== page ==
Sarah says that having fun together has also renewed their relationship. “Once a week, we go out for dinner. We generally spend a lot of time together. We go for a walk together in the morning. We also go dancing together once in a while and meet with friends. One weekend in a term we go away for a full weekend and over the holidays, we travel together,” she says.
Having been involved in the Marriage Encounter programme over the years, Francis and Sarah are now facilitators and speak at different churches. “This has also given us an opportunity to bond because we usually work together during the weekends,” says Sarah.
Living in harmony…
The couple has three grown up children – Christine Karimi, 28, Stella Wawira, 25, Dennis Nyorani, 21, and an eight-month-old grandson Arthur, from their married first-born daughter. “One is not called a parent because he has fathered a child or she has given birth. How you bring up your children is very important. God has enabled us to bring up our children well and also provide for them. The first two are working and the last born is in his second year at the University of Nairobi,” says Francis.
He stresses the importance of cultivating a friendship with children when they are young. “When they were growing up, we would always have family meetings where we would connect and allow the children to air their opinions. I remember during one of our family meetings one of them told us that the only thing that would make them not perform in school would be realizing that the two of us are not in good terms,” says Francis.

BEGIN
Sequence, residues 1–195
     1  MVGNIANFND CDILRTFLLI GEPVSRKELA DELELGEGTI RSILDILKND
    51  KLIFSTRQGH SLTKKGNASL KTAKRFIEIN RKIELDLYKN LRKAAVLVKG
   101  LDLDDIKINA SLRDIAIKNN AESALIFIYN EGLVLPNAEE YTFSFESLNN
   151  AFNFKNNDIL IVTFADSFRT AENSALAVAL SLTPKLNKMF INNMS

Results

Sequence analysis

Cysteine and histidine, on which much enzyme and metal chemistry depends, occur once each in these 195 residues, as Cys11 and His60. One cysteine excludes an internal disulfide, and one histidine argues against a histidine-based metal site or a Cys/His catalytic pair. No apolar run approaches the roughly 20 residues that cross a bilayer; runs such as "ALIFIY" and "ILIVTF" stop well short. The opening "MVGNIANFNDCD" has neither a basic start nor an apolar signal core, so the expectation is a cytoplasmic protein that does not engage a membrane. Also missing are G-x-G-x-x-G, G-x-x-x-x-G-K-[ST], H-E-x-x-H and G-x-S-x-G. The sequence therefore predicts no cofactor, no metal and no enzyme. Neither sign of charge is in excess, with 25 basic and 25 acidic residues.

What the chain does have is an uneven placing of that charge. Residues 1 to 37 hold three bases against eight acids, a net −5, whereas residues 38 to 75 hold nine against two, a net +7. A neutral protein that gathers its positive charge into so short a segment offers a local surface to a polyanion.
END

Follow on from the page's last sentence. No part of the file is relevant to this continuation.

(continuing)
Their children once heard Francis and Sarah quarrelling and it made them very uncomfortable, something they expressed during a family meeting. “We listened to their concerns and corrected ourselves. Even if we were to have an argument, we did not have to let our children or anyone know through our words or actions,” he says.
Their children growing up and leaving home has had a big effect on them. “If my wife and I didn’t have a good relationship, I think we would be very lonely after our children grew up and left,” says Francis. “Because of the relationship we had, we were able to draw even closer to one another after our children grew up,” adds Sarah. She goes on to say that one of the things that has made their relationship strong is constant forgiving, something they are both very quick to do. “The most important thing to us is our relationship and that is bigger than any issue we are facing,” says Francis.
Francis is the director of Reby-Peter Memorial School in Kahawa West. In addition to being a teacher, Sarah also helps her husband run the school. “Since this is an area she is very familiar with, I consult her a lot. She has been of great help to me,” says Francis.
The couple has learnt to work together in harmony over the years in different aspects of their lives. “Even financially, we plan together without saying that this is mine or yours. We plan when and where to save and invest. We like to be in agreement on all financial matters,” says Francis. “Most of our properties are in our two names, and on others we alternate,” says Sarah.
According to Francis, marriage works if one puts God first, has patience, a loving and forgiving nature and nurtures the gift of marriage. Sarah says that marriages work where people are engaged in constant communication, that is, dialoguing daily over any issue, and putting each other first always. “Love without expecting anything and remembering that your husband or wife is a choice you made and a gift from God,” she says in conclusion.